Ind olinced off o1 de groun' an(
lenl took alloder bolnce into (14
mud hole and dar do consarn le
"Arter de shyeoon gone cleai
1iway I run up to Gim, and says I
Gi, is yoU dedl or no.' Gimn ly
in' (bir in de imud hole wid nufih
)ut he head out. Giiii ieber sp1)oki
Ifary Word. alndU his eyes Wuz wal
ied like a ded steer, and so says
Arin 'I say G i yode gon
Aean1 ded,' for you so- I thougli
if' Gin ded no Iuse inl my wa din
inl de mu111d atter him, and Gim h
w:lle1i one eye atter 1m1e and whis
per, 'wharP is he.' -Wha's who,
said 1. 'Do dbbil.' said I. 'Doii
T(one, said I-gone le11nn away
)it u fromn dar-it ) up I sa.
i roan and say, -J ca't. I'll
lone (dead.' 'Git u) I tell you,' sait
, ut Gim nebe-r iwe. Rymeb)
[ frow ul) my htands and loo!
lown debig ro:ul and say 'my oo
or)d Almighty, of dat ole sh veoor
vint a comin' right bal( here.
Neber seed1 a. d0 lig'ger Come t(
ife like Gin. ie bouncled' outel
tat 1ld hole and start off up di
1oad a r'unnin' a( hollerin' for I
Ifuarter of a mile. White folk
-omne along ani stop him and lool
All oher him and nober find a
cratch. WhJ1enj lie got back W(
was all elittin' away de tiiher
[romt oflen (d0 mules, and it was :
half an hour before we (could g'i
Gimn to strike ary liek. TeolI vot
whatt boss8, we was all1 mighty I)a(
stkeer'ed, b)ut I neber01 see a nigge:
1is onrieady for judgemient as da
lebbil (10 g'it him hie raise a rump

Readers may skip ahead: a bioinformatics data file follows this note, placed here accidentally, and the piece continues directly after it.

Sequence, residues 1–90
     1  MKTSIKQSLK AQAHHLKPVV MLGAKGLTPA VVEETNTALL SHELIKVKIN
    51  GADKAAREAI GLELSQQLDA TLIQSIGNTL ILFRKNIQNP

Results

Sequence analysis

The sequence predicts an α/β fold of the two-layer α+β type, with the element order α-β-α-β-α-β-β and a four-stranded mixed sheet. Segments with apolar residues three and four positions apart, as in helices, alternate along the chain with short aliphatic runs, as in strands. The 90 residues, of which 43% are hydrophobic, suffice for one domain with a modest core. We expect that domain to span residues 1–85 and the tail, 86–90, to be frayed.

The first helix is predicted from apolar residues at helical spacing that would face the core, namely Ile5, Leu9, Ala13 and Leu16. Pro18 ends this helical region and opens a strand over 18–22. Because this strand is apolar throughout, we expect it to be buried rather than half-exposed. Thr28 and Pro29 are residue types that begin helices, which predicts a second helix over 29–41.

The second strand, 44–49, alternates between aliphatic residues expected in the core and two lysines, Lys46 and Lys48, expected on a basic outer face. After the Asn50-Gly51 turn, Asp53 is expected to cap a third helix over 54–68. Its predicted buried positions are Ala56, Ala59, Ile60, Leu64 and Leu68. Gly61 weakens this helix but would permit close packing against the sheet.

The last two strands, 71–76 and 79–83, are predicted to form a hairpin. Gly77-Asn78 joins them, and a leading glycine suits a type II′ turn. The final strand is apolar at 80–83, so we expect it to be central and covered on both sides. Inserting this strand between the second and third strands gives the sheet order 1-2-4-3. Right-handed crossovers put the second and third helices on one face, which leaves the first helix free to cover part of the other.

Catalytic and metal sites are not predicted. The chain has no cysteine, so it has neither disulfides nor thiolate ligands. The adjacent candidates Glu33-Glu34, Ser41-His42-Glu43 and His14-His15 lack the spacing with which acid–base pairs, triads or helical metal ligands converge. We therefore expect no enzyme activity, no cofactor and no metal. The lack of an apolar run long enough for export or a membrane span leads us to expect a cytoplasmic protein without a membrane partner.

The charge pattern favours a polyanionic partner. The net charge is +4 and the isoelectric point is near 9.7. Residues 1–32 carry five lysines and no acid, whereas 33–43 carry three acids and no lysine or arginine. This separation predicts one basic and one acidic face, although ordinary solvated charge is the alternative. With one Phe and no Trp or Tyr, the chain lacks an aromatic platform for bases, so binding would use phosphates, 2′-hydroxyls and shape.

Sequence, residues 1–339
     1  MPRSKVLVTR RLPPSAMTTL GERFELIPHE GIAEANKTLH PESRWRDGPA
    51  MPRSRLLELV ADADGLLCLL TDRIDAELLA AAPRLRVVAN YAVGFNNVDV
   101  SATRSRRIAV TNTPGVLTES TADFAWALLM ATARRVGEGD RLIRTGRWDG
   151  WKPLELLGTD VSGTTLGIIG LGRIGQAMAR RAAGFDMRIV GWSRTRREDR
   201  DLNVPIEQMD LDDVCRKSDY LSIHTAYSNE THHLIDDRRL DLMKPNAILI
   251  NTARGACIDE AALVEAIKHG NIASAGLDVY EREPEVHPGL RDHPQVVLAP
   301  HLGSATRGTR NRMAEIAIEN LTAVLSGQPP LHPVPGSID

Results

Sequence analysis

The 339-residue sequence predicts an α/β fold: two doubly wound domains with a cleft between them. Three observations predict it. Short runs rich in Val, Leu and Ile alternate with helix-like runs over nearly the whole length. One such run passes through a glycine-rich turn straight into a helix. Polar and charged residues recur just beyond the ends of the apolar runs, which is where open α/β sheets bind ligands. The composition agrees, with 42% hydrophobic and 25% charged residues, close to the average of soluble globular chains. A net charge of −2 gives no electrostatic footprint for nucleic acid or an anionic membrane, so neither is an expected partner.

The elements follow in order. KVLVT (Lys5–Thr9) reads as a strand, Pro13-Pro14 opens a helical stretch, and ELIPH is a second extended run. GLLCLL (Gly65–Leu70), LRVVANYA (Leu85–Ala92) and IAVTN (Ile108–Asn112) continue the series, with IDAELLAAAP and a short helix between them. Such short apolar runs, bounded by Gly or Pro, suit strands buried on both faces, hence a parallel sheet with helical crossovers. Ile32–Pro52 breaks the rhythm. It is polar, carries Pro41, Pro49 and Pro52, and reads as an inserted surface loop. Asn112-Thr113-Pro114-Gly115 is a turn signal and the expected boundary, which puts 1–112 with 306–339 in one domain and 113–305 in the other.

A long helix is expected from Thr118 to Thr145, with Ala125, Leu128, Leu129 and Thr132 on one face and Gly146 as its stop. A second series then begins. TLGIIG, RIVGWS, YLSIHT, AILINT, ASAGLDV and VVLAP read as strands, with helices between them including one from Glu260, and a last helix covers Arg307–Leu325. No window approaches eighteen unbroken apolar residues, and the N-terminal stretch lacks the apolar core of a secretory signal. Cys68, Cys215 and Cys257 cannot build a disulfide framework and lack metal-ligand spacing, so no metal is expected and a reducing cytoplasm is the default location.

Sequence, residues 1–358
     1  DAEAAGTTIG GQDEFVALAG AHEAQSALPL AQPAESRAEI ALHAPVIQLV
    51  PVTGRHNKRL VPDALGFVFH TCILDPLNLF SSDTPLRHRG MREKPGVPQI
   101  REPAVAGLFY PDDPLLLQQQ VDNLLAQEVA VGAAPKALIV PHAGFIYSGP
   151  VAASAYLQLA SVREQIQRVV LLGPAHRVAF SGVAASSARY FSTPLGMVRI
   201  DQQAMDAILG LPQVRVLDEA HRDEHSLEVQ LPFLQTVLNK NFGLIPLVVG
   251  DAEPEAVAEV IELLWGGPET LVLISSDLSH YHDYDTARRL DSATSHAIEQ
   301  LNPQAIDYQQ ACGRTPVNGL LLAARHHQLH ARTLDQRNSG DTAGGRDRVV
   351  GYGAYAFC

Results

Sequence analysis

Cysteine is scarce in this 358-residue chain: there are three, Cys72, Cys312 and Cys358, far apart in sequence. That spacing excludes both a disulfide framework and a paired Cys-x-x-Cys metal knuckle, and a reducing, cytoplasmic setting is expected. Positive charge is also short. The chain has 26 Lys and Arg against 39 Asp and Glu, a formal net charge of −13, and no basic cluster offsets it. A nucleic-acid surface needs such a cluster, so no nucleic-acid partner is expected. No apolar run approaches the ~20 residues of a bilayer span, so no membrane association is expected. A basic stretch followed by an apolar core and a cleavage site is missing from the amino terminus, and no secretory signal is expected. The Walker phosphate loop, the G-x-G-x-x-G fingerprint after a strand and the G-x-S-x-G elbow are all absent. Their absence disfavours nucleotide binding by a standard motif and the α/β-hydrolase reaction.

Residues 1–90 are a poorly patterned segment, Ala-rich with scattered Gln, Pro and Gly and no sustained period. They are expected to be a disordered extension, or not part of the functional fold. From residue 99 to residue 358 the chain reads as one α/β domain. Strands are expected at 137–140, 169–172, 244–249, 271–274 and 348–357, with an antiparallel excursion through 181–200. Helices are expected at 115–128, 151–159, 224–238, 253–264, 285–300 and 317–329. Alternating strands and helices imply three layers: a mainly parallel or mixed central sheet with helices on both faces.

is down in dem11 settlemnents sartim
rind shor'e.'
'Didn't the eyclone take off th<
r'oof 0f your1 c'abin, John?'
'Of' course$ he did1 boss. ie tak<
:le r'oof ofl all along ebrwhr h4
.go. Loo)k like cher'y housie hi
:'omel to hie dIip (down and say tak<
your hat oil; dlon't yo se mt
N0in~', aint *you g'ot no mfanner's
and zip lie str'ike 'em anmd take i
>ff hisselfI. He take do 'roof' offei
'Ie roof' o)ffen deo elhd scbool am
i offen de white school all de same.
, He no respeckter of pussons, bress
i God. Tell you boss what I tink
I about dis old shycoon. I tink he
I nufain but de old debil on a seur
r cion. Yah, yah, yah,' and John
i cackled athis own ideas.
Well, I was mighty sorry for
I Nabor Munford, for it tore him up
awfully, but it left him his wife
and his pretty little children and
good old mother and all, and he is
thanktful for that and said. to me
i that his gratitudel would be coi
I plete if hir ade trees had been
left, for he ald'nt replace them.
It was only a few days ago and now
1 you could hrrdly tell that the
storm had been there. In 21 hours
lhe had 75 hands at work repair
i ing the danages for he jusI called
for the hands at the niies close by
r and they came and it was livelY
times there fori a few days and
1 now everything is as good or bet
ter than before.
I wish all the suflerers could do
1 that way but alas, there are a hun
3 dred families who have lost treas
- ures that moniey could not replace
[ -treasures oft the( heart and hoien
a that will never return. What a
t terrible death. Verily these Cy
r clones seem like things of life, o
instruments of vengence in the
hlands of the ods we re.ad about
in old mythology. All that an
Cient roiaice iaft-- recorded otAja x
and.1 Hercules ald .Jupiter, or all
that the Arabian Knights tell us
k of the genii does iot surpass the
I plwer atd grandleur an desola
tion of the mo:lrl cyclone. It
hulmblles US m')O than i'prayer or
I preaching'. It takes us unia~iwar'e.
iIt is coistant dread of the tim'd
' de[ene-eless, an now it takes all
>I m philosphy to keep my house